2018 Playoffs: Game 2 Preview - Raptors vs. Cavaliers

Holly MacKenzie - Raptors.com

Cleveland Cavaliers (1-0) @ Toronto Raptors (0-1)

When: Thursday, May 3rd, 6 P.M. ET

Where: Air Canada Centre

Broadcast info: ESPN, Sportsnet One, TSN1050

LAST MEETING

The Raptors dropped Game 1 in a 113-112 decision in overtime on Tuesday night. After Toronto led throughout, the Cavaliers took their first lead of the game in overtime, on a three-pointer from Kyle Korver. Though the Raptors had opportunities in both overtime and the end of regulation, they could not convert on multiple attempts and suffered a disappointing Game 1 defeat on their home floor. LeBron James led the Cavaliers with 26 points, 13 assists and 11 rebounds, J.R Smith added 20 points and Kyle Korver scored 19 points. The Raptors were led by Jonas Valanciunas, who had a 21-point, 21-rebound double-double, DeMar DeRozan who had 22 points, and Kyle Lowry who scored 18 points to go with 10 assists.

 

LEADING INTO TONIGHT'S GAME

Injury report: The injury report is currently clear for both teams.

Game 2: The Raptors are 6-1 when playing Game 2 on their home floor and they have also won their last four Game 2's at the Air Canada Centre. After getting off to a great start in Game 1, Toronto wants to feed off its home crowd and do the same on Thursday as they look to even up the series.

Locked in: Despite dropping Game 1 in disappointing fashion, the Raptors came to practice on Wednesday with confidence high, the group focused on getting ready for Thursday's Game 2. "The biggest thing is just remaining confident in what we are doing," C.J. Miles said. "We did a lot of good things, and we feel like a lot of things we can clean up and do better."

 

EXTRA ASSISTS

Frustrating fourth: The Raptors were outscored 23-18 in the fourth quarter. After shooting 53 percent through the first three quarters, Toronto shot just 21 percent in the final frame, and missed its final 11 field goals in regulation, despite getting solid looks at the basket and plenty of opportunities to convert. "You ever see the movie 6th Man?" DeMar DeRozan said. "It was like somebody was sitting on the rim, Antoine {from the movie] was sitting on the rim, knocking them out. It sucked. But we had a lot of great looks. I thought my putback was good, CJ's, JV's. CJ's three was a walk in, dead wide open three-point shot that we will live with every day of the week. And I told him that. Like I said, just Antoine sitting up there, knocking the ball out."

Taking care of the ball: One area the Raptors beat themselves in Game 1 was turnovers. Toronto turned the ball over 14 times on Tuesday, giving the Cavaliers 21 points. Making things worse for the Raptors was that Cleveland only committed six turnovers in the game, leading to just four points scored by the Raptors. In a one-point game, that's a 17-point differential in points scored off turnovers. "Tighten up, just clean things up is where we are at," Fred VanVleet said. "One-possession game, one-point game, any one of those 200 possessions could have been the difference. We've got to be better ourselves."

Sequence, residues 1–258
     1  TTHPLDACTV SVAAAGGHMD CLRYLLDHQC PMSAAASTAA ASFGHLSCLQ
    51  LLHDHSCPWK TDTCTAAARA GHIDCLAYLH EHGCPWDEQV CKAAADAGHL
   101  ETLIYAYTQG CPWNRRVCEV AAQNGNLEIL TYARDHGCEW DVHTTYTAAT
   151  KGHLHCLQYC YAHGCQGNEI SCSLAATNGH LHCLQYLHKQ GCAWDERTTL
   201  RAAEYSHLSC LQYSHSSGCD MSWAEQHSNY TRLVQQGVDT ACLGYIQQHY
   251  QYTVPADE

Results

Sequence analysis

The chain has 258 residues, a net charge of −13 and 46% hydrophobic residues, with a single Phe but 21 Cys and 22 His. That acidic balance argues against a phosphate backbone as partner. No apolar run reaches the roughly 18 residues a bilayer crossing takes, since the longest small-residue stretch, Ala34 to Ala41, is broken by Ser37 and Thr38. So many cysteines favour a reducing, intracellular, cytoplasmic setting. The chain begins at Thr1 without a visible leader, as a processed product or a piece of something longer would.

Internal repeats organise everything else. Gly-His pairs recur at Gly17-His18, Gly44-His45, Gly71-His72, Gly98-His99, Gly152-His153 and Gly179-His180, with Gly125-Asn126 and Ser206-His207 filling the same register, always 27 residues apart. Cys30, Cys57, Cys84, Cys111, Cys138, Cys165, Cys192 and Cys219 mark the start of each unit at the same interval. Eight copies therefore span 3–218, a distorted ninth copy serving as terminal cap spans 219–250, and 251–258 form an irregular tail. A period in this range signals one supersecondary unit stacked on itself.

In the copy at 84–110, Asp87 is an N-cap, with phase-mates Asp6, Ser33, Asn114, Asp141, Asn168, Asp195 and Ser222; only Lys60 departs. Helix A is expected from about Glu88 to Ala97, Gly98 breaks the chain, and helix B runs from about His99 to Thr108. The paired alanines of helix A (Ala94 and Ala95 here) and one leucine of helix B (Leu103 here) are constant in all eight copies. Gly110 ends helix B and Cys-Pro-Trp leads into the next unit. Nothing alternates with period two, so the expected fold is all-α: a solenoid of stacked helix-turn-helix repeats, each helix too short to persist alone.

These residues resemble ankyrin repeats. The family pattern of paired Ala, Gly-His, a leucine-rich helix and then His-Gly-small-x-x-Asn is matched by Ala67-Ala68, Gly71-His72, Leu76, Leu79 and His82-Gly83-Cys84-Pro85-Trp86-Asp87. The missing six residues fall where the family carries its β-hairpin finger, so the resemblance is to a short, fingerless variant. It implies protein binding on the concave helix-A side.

FVV from deep: After a season of hitting big shots for the Raptors, Fred VanVleet had two opportunities from beyond the arc— one in regulation and another in overtime — to put Toronto ahead in Game 1. VanVleet came up empty on both attempts assisted by DeMar DeRozan. "I told him if we're in that same situation again, [I'd] make the same exact pass," DeRozan said after the game. "It's not just me trusting him, every single guy on this team, [and the] coaching staff trusts him in the moments, that's why he's in the game late in the game. He got tough skin, he's going to bounce back, respond from it, [and] I still have the utmost confidence in him."

VanVleet was asked about taking and missing late-game shots when he spoke to the media on Wednesday. His response illustrated why his teammates and coaching staff feel so strongly about him.

"I've got thick skin," he said. "I'm going to take those shots every time. If you don't want me to take them, don't put me out there, don't pass it to me, because it's going up to me if it does and it's the right shot. When you make it, you're the hero. When you don't, you suck. That's what makes making them that great. The pain of missing them and the agony of having to sit through the night and sit on that until the next chance to go out and play, those highs and lows of the game is what makes the game so great."

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